ffvii trailer 1

Cloud Strife takes a swing at one of the Shinra troops.

The characters have received a heavy graphical overhaul and some have been heavily redesigned. Barret specifically has seen many revisions in terms of his build and his outfit. It is nice to also see more attention given to Biggs, Wedge and Jesse of Avalanche. The environmental design of the Mako reactor and the streets of Midgar have seen some design changes, but still maintain a similar unsaturated steampunk aesthetic like its original counterpart.

ffvii trailer 2

Cloud and Barret traversing the innards of the Shinra Mako reactor.

There are a few other interesting aspects of the trailer, but the visuals action oriented nature of the overall game play is what caught the most attention during its PSX presentation. After the presentation, Square-Enix issued a press release announcing that Final Fantasy VII Remake will not be presented as one game. It will be released in an episodic format and there were no details explaining how this would affect the game’s release and/or development initially. This revelation has worried critics and fans alike with speculation germinating from this known distribution method.

ffvii trailer 3

Cloud crouches to squeeze through a hole in the wall.

In an interview with Dengeki Online, Square-Enix’s Yoshinori Kitase (Producer) and director Tetsuya Nomura (Director) both addressed the reason for breaking  up the remake into multiple parts. They stated that the scope of the game is ambitious and is more densely packed, which cannot be done with just one release.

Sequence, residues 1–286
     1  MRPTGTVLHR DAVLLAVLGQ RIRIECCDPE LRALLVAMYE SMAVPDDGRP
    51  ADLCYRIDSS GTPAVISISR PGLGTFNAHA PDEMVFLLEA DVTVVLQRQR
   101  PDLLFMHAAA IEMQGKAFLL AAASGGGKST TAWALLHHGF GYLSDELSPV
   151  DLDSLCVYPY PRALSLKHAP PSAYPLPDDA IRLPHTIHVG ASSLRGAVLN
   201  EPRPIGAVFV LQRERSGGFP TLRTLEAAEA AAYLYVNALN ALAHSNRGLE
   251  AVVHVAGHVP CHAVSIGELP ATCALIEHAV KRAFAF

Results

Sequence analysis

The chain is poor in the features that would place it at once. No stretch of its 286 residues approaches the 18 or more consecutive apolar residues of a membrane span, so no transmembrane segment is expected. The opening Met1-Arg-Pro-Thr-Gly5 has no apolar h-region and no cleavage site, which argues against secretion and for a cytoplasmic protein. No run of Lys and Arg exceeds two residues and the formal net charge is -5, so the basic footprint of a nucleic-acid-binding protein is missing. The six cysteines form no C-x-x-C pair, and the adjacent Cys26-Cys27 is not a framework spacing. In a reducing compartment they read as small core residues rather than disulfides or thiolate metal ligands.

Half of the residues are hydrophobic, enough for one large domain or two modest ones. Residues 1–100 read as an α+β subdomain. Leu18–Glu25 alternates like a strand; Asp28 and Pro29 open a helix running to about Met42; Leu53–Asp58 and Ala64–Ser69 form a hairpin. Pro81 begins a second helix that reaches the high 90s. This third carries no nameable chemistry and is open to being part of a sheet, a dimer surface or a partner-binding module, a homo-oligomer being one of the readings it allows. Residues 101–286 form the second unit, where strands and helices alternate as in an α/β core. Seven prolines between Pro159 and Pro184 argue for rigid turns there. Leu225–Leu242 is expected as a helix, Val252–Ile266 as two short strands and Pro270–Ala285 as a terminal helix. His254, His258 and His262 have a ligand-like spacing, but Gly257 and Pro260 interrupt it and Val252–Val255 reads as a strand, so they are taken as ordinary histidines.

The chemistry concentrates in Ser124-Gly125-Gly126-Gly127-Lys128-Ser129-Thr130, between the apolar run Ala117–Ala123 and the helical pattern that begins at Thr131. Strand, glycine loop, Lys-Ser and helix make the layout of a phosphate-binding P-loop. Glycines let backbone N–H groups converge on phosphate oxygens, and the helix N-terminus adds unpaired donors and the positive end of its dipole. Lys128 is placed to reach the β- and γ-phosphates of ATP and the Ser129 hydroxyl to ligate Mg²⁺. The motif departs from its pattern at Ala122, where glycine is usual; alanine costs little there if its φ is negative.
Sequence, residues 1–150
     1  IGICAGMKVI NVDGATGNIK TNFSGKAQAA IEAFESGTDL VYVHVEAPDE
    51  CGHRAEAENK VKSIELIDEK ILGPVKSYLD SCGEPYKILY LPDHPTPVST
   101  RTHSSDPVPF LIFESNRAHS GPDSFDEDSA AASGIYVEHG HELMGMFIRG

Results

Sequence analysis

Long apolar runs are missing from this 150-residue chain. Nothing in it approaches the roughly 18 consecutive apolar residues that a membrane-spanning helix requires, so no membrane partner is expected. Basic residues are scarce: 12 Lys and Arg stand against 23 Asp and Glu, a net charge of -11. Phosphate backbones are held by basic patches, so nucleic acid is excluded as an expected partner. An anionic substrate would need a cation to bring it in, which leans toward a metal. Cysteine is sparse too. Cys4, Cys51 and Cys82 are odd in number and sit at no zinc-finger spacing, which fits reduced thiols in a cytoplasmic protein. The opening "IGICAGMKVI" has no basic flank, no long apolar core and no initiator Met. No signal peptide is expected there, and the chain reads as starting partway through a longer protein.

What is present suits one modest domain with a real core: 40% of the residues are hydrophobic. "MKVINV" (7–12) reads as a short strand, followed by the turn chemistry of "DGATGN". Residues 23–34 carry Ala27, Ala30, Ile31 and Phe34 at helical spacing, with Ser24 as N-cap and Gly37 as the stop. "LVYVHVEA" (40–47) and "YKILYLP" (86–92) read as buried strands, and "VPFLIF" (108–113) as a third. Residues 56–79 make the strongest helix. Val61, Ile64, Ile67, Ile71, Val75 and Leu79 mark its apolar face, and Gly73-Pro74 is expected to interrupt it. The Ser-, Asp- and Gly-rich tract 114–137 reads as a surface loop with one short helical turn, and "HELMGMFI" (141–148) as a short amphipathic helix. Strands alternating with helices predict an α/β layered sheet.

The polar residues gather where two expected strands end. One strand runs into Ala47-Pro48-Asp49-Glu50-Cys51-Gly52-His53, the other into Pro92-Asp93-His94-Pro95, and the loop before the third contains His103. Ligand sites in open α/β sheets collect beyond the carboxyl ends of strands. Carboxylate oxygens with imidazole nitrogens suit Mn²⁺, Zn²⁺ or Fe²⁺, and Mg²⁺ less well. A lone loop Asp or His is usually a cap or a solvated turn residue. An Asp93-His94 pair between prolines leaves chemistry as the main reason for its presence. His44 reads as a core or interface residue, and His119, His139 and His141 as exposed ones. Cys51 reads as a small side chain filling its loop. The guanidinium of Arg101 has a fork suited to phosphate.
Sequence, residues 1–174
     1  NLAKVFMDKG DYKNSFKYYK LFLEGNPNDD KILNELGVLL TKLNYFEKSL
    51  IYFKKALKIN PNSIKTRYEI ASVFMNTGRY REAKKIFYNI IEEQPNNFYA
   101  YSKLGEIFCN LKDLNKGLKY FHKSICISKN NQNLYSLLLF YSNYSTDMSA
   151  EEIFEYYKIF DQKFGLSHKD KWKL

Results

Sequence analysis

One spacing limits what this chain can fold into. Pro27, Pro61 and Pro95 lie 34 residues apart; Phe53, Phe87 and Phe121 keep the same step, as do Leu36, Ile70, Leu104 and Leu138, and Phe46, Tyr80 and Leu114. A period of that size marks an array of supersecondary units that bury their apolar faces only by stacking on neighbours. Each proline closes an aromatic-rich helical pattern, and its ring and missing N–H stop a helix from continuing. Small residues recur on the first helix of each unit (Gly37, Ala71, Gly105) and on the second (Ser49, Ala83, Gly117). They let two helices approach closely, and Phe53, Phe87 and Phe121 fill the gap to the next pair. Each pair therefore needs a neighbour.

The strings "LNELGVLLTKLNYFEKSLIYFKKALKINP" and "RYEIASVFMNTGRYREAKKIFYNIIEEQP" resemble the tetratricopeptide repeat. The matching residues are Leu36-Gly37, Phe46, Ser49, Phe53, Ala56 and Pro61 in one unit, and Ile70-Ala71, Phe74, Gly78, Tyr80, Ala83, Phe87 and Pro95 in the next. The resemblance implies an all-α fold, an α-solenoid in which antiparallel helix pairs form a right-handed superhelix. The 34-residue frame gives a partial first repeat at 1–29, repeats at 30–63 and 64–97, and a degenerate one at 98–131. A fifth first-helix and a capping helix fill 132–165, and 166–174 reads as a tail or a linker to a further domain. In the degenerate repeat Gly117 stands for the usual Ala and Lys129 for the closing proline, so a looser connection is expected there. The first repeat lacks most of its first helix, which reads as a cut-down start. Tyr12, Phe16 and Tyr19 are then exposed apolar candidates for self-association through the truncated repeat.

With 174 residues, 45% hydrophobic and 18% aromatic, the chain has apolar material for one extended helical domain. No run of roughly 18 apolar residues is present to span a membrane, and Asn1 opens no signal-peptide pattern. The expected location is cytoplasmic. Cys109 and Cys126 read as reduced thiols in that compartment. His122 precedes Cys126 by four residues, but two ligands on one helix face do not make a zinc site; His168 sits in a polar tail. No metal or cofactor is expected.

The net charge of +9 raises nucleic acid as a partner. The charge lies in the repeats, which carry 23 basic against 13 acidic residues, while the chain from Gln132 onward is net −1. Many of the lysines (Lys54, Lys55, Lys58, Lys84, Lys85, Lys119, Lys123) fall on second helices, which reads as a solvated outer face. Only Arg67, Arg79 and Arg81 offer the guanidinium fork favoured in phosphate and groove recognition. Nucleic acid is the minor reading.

The idea that a remake of Final Fantasy VII would not fit into a single release was there from the very beginning. We still can’t share more information about its multiple parts, but please look forward to future announcements…

…As you can see in the trailer, we showed Sector 1 and Sector 8, but in those areas alone, I think you can see a lot of density. When you’re remaking the entirety of the original version in that quality, it’s not possible to fit it all in one release.  ~Yoshinori Kitase (Producer, Square-Enix)

ffvii trailer 4

Cloud looking forward after jumping off of the train at the reactor.

If we dedicated our time to a single release, parts of it would become condensed. We’d have to cut some parts, and additional parts would come in few, so rather than remake the game as a full volume, we decided to do multiple parts.  ~Tetsuya Nomura (Director, Square-Enix)

Even with this explanation, this announcement has been met with a mixed and heavily polarizing reception. It is far too soon to tell how this will affect the final release of Final Fantasy VII Remake. Nonetheless, many are concerned that this design choice may bode ill for this highly anticipated game.


For those who have yet to see the latest Final Fantasy VII Remake (PS4) game play trailer, here it is:


Thoughts From Rivera: